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Irony or Evolution?

September 26, 2009 Guest 2 Comments

I grew up in Louisville, KY.  Like St. Louis, it’s a city that has its roots along a major river, with its economy based on manufacturing and trade.  And, like St. Louis, it’s a city of historic neighborhoods.

One of them is Butchertown, which, not surprisingly, got its name from the stockyards and packing plants that located there.  The neighborhood is the home of Stockyards Bank.  It’s also a neighborhood that’s seeing reinvestment and gentrification, and one that’s increasing in desirability.

I shouldn’t have been surprised, but a recent case illustrates the tension that exists anytime change happens.  As with many traditional industries, the meat packing industry has been shrinking in Louisville.  The stockyards shut down in 1999, and there’s only one packing plant left now, but it’s been there for decades.  Recently, that plant was cited for zoning violations, and some of its neighbors were pushing the city to shut it down:

“In this day and age … it’s not an appropriate use here,” said Jon Salomon, an attorney who lives in Butchertown and represents the Butchertown Neighborhood Association. (Source)

Not surprisingly, the company “won”.  The combination of relatively-minor zoning violations and the potential for losing 1,300 jobs likely directly influenced the outcome:

After a 10-hour hearing Monday, the board approved JBS Swift’s request to modify its zoning permit to allow the expansions, after it illegally started construction on an enclosure for a hog-unloading area last fall. (Source)

The reality is that the plant generates truck traffic and some interesting odors.  When the area was primarily industrial, and the only residential uses were the workers’ shotgun cottages, these issues were the smell of money.  Now that many of the residents, especially the new ones, are no longer associated with the industry, the odors and the traffic are being viewed more and more as real negatives, especially to the further “revitalization” of the neighborhood.  This gets down to one of the fundamental challenges of urban living – when does being a historical use become a negative one?  When do the interests of new residents, especially well-educated ones with new and better ideas, start to take priority?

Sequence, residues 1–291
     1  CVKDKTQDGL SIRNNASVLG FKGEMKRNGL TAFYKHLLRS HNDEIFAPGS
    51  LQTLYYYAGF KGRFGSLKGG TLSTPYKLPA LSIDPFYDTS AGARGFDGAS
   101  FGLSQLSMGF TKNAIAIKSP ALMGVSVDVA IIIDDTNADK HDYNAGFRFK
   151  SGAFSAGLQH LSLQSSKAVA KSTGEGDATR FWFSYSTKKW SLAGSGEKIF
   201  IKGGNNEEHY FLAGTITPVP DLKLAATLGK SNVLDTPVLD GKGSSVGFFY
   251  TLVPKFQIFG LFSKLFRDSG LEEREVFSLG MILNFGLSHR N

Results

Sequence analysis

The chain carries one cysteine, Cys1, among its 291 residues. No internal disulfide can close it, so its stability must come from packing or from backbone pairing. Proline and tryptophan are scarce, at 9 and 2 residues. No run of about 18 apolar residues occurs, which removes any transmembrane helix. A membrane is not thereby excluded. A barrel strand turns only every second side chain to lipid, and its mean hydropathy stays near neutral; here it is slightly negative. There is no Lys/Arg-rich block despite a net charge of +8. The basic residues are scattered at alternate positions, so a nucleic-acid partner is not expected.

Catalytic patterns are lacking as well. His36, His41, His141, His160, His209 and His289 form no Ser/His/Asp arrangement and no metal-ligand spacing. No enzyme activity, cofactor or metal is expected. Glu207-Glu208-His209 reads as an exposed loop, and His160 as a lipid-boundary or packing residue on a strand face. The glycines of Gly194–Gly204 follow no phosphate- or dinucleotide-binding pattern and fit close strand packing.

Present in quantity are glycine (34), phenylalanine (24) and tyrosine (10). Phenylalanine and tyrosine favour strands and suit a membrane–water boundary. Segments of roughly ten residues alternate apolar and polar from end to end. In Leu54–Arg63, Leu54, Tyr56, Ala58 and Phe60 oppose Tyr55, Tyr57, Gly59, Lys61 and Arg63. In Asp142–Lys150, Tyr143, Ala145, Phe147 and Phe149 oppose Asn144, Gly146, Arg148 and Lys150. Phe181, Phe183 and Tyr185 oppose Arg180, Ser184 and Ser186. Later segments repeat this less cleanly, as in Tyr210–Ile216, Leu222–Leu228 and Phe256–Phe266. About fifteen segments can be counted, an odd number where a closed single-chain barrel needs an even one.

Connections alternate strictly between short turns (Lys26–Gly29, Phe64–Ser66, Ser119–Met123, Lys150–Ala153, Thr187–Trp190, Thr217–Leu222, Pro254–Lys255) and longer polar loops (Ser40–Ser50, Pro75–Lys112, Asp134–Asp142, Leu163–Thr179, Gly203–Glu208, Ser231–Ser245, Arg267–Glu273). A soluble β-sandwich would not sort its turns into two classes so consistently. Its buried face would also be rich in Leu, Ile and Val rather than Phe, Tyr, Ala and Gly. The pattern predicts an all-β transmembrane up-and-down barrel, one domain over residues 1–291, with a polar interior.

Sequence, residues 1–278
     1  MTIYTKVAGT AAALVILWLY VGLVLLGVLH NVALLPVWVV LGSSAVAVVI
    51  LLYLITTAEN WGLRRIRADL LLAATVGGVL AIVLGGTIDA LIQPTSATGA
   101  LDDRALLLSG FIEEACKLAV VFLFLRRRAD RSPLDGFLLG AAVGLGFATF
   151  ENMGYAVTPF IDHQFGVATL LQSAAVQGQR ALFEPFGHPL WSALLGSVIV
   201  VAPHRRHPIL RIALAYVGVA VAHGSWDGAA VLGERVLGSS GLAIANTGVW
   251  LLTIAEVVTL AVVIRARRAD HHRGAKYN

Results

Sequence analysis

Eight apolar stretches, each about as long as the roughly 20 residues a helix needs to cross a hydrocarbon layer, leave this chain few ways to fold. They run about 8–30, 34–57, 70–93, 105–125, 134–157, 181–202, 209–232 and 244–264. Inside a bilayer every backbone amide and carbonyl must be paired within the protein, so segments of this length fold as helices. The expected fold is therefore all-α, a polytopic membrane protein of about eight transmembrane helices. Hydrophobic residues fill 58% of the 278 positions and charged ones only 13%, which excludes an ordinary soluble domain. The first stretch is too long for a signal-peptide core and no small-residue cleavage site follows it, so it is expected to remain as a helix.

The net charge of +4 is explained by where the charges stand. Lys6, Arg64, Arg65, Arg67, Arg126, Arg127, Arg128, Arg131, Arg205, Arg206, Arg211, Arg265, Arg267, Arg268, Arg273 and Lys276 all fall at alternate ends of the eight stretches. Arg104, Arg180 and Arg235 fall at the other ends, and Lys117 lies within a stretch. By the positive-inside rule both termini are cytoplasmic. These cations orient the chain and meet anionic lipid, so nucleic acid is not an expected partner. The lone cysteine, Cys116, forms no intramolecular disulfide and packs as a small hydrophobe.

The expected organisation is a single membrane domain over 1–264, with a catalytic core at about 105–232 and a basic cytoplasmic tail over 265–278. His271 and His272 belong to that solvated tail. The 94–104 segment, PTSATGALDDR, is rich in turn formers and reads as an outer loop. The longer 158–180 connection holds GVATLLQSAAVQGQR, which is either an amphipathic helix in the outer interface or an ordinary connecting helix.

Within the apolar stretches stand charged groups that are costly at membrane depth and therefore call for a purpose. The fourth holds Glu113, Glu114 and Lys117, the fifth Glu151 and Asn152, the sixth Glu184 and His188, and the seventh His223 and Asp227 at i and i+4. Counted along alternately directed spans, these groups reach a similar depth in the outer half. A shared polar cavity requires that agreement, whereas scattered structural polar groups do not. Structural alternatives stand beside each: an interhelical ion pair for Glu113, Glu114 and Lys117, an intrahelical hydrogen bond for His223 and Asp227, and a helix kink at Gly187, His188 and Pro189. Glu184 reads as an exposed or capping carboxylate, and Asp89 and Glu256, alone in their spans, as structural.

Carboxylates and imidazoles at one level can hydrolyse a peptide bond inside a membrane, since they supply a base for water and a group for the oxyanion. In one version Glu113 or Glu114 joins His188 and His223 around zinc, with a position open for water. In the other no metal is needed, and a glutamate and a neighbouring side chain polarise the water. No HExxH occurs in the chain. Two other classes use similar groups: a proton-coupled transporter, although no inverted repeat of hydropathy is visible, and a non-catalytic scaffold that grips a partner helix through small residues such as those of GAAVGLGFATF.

So what does all this have to do with St. Louis?  Simple – given our industrial base, we have the potential for similar conflicts.  The questions in Louisville really aren’t unique.  Was the decision correct?  Be careful of what you ask for? Don’t move somewhere and expect to change things to fit your definition of urban living?  Is NIMBY a good thing or a bad thing?  How do we balance reinvestment with retaining a diverse economic base?  How much gentrification is too much?

– Jim Zavist

UPDATE: 9/26/09 @ 7:45PM – comment section opened.


Currently there are "2 comments" on this Article:

  1. Btowner says:

    You forgot one very important element to the story, the residents went after the company for BREAKING THE LAW! This was not a calibrated witch hunt, it was the citizens- both new and old who stood up against an international mega-slaughter house facility who cares not of our community. We love our homes and our neighbors, but we are ALL expected to follow the laws that govern Louisville.

  2. Shimmy says:

    I don’t know of the legal situation of the Louisville example, but in general, it reminds me of people who move out to the country and then complain because of farm smells.


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